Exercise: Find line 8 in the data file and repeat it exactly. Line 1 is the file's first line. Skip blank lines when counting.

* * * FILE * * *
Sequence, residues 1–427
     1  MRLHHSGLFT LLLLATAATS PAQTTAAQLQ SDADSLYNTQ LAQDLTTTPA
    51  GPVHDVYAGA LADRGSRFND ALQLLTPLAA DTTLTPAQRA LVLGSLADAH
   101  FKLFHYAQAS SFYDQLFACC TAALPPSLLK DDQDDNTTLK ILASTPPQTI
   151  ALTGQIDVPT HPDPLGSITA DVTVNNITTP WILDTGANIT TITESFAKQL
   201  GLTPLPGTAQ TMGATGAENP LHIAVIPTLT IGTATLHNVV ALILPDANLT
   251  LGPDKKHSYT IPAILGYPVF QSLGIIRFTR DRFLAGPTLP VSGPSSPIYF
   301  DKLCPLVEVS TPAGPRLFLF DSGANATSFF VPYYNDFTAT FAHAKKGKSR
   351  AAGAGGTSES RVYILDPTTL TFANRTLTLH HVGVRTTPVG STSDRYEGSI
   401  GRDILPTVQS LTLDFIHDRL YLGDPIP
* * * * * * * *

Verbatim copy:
   301  DKLCPLVEVS TPAGPRLFLF DSGANATSFF VPYYNDFTAT FAHAKKGKSR